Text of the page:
TCP is a great protocol. The fact that this decades-old delivery mechanism is still responsible for our business critical applications today is quite impressive. Those guys knew what they were doing. 

It's true though that TCP has its bad days and can bring applications to a crawl. Or, when TCP itself isn't to blame, we can use it's behavior to isolate the real root cause of slow apps - network, client, or server. 

So, armed with Wireshark, some demo trace files, and a little bit of TCP know-how, we're going to do some packet digging to demonstrate TCP Tips and Tricks that are useful when troubleshooting slow applications. 



Chris Greer Packet Pioneer Logo

Author Profile - Chris Greer is a Network Analyst for Packet Pioneer LLC and a Certified Wireshark Network Analyst. Chris regularly assists companies in tracking down the source of network and application performance problems using a variety of protocol analysis and monitoring tools including Wireshark. Chris also delivers training and develops technical content for several analysis vendors.

Snapshots from Sharkfest - TCP ACKFor Column (by Chris Greer)

Screen Shot 2016-06-14 at 2.49.47 PM

(Thanks to Hansang Bae for showing this quick tip at Sharkfest!)

Once again, Sharkfest is here. Attendees are crunching packets, digging through traces, and refining their art of protocol analysis - If packets are your thing, there is no better place to be.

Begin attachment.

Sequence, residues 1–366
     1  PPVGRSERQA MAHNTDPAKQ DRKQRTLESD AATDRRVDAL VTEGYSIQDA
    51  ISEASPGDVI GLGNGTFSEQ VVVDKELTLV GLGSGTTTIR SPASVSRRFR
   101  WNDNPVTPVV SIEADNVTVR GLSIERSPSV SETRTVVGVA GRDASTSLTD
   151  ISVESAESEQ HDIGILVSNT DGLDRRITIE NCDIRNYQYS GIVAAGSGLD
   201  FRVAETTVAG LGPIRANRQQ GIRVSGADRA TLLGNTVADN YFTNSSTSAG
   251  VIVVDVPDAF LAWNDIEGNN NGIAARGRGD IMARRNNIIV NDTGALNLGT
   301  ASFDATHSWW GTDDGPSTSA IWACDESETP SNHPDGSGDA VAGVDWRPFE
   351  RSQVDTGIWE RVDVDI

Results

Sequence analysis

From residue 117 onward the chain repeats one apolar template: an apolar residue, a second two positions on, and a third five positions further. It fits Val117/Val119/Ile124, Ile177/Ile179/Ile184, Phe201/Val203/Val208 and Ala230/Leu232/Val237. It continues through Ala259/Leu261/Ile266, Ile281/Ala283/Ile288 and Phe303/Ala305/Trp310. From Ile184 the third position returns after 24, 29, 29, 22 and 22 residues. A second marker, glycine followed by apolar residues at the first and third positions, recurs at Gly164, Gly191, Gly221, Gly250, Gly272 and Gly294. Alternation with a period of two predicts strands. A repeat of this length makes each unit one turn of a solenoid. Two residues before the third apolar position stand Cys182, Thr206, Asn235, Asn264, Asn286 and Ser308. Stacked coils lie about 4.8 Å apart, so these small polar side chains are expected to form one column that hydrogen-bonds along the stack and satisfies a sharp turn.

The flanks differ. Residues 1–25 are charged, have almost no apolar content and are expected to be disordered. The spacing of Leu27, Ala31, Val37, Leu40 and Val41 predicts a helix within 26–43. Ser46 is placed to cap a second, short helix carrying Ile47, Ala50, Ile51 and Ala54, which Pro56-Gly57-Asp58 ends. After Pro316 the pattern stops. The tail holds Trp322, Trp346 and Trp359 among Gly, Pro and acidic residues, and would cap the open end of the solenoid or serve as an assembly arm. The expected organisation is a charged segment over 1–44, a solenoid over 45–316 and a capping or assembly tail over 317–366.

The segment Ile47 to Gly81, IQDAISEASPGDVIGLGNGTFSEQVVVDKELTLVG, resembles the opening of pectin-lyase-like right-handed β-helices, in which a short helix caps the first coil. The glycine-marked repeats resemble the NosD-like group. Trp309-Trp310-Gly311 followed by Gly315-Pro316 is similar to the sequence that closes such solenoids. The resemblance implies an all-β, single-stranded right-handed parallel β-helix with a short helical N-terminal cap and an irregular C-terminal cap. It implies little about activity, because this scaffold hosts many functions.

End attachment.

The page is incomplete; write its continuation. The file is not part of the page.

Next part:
Within the first three minutes of the first packet analysis session I attended this morning, my appreciation for the Sharkfest Wireshark Users conference was renewed. Where else in the world can you get packet-level analysis tips from people who have been doing this for decades? Where else do you see instructors finishing their sessions then sitting down as students of the next one?

A quick tip I learned on day 1.

Hanging Bae was busy doing his thing, showing some of the custom filters he uses in one of his TCP analysis profiles. One of the columns he uses is called ACKFor. On any TCP ACK, this column shows the frame number of the packet that is being acknowledged.

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Sharkfest 2016 with Wireshark 2.0.4 – The Founder - Gerald Combs - A fun perspective and history! (by Tim The Oldcommguy)

Sharkfest 2016 with Wireshark 2.0.4 – A fun perspective and history!

Everyone knows of Gerald Combs the founder of Wireshark, previously Ethereal, but few really know much about this smart, dedicated, kind, gentle and giving person.

Wireshark is a world class network capture and analysis tool, but it is much more as it is the dream of Gerald Combs.

Gerald Unsorted 18Gerald has always been a dreamer and always wanted to do something cool. He got his wish when in the late 90’s he decided that we, the network industry needed a tool that could be shared by everyone. In reality he was tired of having to hunt down and “borrow” the Sniffer. So he started Ethereal mainly for decoding the packets that had been captured with the NGC Sniffer!

So Ethereal was born with the help of some super social and technical friends that had the same vision and wanted to do something about the need!

Those friends were Richard Sharpe, Guy Harris and Gilbert Ramirez who with Gerald started the path of Ethereal to Wireshark. Of course there are many developers that have contributed to Wireshark over the years!